My reading this year has actually been really quite slow – Its almost the end of October and I’ve just managed to finish 21 books this year. To be honest, I have zero clue as to why I’ve read so less this year and because of the less reading, instead of doing the usual book lists that I do; I decided to do a list of just my favourite reads from this year. So here are my Top 4 Reads from 2017!
Aristotle and Dante Discover the Secrets of the Universe by Benjamin Sáenz:
My brother gifted me this book that I found on yet another list of books featuring LGBTQ+ protagonists. The book narrates the story of Aristotle, a teenager who makes a new friend in Dante and the two start spending all their time together. Inevitably, Dante falls in love with Aristotle who has spend all his childhood and all of this teenage years running away from people. The book is heartbreaking and breathtaking at the same time and leaves you angry at various points. My favourite part is this conversation between Aristotle and Dante’s mother when he rightly remarks, “There are worse things in the world than a boy who likes to kiss boys and girls who like to kiss girls.”
The Boyfriend by R. Raj Rao:
This is book about a 40 year old gay journalist who falls in love with a 19 year old boy he meets on the Churchgate Station in Mumbai. The book spans through various years and various different people that come in the journalist’s life. There were tons of parts in the book at felt realistic and unrealistic at the same time. The reason I liked this book very much was that it had everything that any of the other LGBTQ+ books I’ve read (kissing, holding hands, sex) and all this was happening in India. The book was completely different from any other book by any other Indian author and I completely loved it!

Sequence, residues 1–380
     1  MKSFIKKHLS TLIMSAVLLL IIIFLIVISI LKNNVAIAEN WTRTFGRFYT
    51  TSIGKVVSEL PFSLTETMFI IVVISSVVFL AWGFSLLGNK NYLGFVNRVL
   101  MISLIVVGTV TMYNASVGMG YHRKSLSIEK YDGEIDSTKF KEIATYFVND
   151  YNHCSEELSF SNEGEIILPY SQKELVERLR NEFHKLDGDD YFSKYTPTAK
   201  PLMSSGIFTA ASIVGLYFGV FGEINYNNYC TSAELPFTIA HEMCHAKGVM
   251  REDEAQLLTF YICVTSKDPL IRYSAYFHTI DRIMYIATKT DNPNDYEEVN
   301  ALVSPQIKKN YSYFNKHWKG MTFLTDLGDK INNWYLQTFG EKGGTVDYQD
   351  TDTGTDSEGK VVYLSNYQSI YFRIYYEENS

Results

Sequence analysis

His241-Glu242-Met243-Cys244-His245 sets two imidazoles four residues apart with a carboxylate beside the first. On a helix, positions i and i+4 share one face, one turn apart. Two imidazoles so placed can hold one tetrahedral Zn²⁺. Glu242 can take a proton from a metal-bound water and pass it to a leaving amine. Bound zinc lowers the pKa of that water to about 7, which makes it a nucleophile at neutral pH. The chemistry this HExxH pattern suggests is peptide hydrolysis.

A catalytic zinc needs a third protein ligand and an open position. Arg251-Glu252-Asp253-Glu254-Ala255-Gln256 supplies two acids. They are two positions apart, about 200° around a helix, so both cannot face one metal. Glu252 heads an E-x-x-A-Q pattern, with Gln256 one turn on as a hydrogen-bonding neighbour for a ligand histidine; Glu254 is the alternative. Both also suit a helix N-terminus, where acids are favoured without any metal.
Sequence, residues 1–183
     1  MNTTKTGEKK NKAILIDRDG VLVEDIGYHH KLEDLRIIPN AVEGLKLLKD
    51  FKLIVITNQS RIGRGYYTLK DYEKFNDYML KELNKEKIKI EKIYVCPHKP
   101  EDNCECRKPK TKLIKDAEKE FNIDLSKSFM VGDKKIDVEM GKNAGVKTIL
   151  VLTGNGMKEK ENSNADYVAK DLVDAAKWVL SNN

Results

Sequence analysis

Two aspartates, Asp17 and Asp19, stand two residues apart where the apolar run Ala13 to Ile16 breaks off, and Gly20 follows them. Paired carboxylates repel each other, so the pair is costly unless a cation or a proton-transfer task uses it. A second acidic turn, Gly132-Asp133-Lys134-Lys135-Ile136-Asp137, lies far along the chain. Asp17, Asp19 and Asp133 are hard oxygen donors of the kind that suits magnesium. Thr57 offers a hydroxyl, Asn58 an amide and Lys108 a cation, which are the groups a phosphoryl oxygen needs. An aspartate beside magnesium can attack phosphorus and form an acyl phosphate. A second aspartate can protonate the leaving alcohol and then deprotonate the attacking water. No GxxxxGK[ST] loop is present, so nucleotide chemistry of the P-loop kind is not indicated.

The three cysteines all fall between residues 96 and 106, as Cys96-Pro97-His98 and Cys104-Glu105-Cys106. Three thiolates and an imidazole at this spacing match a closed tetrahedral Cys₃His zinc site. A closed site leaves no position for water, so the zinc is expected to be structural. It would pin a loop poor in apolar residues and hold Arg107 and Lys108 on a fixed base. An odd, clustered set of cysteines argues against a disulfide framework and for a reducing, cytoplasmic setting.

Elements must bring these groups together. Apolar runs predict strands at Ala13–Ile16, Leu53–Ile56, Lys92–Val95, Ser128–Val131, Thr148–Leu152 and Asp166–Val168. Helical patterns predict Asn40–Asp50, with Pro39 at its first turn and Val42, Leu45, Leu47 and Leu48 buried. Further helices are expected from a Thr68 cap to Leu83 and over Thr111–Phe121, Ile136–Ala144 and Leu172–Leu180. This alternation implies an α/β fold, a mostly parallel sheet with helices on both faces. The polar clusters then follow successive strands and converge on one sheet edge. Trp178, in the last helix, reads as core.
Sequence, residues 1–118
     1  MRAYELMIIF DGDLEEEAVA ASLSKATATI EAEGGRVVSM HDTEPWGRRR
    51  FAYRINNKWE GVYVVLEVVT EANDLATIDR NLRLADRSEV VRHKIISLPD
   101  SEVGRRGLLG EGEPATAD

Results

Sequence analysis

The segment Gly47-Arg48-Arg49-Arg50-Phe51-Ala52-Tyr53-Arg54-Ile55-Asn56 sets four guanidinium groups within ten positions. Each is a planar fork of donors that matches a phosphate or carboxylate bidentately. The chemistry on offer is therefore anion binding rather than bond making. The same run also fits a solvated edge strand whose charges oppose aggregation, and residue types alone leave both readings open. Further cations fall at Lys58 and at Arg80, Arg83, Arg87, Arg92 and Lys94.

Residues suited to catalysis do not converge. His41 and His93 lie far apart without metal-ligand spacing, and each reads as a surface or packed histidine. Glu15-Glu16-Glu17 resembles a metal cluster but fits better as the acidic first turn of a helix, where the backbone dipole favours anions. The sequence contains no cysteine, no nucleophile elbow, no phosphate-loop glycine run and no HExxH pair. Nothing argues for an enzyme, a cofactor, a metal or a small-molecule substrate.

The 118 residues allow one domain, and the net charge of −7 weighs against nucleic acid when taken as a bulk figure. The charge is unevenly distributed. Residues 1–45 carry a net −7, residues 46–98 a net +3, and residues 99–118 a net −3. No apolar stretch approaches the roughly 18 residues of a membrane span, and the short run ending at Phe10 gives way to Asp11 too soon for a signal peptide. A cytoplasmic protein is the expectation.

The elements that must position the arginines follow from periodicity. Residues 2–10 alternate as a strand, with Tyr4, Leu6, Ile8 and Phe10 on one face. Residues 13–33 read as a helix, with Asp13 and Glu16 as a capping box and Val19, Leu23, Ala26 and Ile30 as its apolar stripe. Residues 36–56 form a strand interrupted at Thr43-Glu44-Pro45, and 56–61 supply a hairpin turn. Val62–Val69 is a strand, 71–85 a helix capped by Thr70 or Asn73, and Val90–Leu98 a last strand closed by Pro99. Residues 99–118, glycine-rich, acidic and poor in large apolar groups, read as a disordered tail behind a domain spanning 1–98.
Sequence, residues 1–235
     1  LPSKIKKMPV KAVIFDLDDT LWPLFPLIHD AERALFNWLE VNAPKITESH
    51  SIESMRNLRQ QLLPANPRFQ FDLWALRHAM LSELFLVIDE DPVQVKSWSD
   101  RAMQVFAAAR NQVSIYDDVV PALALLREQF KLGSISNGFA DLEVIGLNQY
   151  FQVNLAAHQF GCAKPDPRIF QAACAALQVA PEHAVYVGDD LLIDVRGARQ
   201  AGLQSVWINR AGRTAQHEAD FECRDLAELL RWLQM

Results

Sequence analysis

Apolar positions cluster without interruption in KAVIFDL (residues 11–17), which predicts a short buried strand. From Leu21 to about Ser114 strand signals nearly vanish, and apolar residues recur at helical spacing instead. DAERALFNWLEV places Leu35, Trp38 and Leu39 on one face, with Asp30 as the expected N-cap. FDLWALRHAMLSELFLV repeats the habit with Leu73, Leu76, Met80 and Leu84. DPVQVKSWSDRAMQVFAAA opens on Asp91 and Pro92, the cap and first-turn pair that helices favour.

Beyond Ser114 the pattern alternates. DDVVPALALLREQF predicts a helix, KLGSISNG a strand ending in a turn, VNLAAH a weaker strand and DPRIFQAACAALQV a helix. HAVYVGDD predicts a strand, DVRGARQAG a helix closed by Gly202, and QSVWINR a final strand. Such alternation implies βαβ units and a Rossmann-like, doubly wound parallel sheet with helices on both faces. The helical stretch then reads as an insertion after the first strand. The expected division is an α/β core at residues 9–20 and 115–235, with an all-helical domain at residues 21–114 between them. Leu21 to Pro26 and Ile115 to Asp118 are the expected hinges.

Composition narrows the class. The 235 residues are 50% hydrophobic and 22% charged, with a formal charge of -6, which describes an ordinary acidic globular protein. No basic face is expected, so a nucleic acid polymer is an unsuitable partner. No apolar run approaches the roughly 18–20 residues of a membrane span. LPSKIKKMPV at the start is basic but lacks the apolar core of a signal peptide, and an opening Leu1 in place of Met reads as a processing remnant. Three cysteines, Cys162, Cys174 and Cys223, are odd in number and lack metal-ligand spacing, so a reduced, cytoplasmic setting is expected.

Outliers by Malcolm Gladwell:
Outliers is a non-fiction book that talks about successful people and how they become successful people. I absolutely loved this book. It was by far my favourite book of the year. Through careful analysis and relatable examples, Malcom Gladwell describes how some people succeed and some people don’t. For every single thing he says in his book, he has five different things ready to back it up with. His explanations and theories make a lot of sense and once you start reading, you cannot be putting this book down. He connects ordinary people with exceptionally successful people and finds patterns in the craziest of things. My favourite line is this book with a million great lines is this, “Knowledge of a law student’s test scores is of little help if you are faced with a classroom of clever law students.”
The Upside of Unrequited by Becky Albertalli:
The book’s main story revolves around Molly, a 17 year old girl who’s had exactly 26 unrequited crushes throughout her life. Molly has a twin sister Cassie, who on the other hand has had exceptional success with boys and girls alike. Molly and Cassie are best friends but their life turns upside down when Cassie starts dating a girl they meet at a concert. Molly instantly starts feeling lonely and at some level, really jealous of her sister. Amongst all of this, Cassie is constantly trying to set Molly up with her girlfriend’s best friend, Will. This book hit a major chord with me and there were various parts that were very relatable. I love Becky Albertalli’s writing and with every sentence she makes you feel more as a part of the story and less just a reader.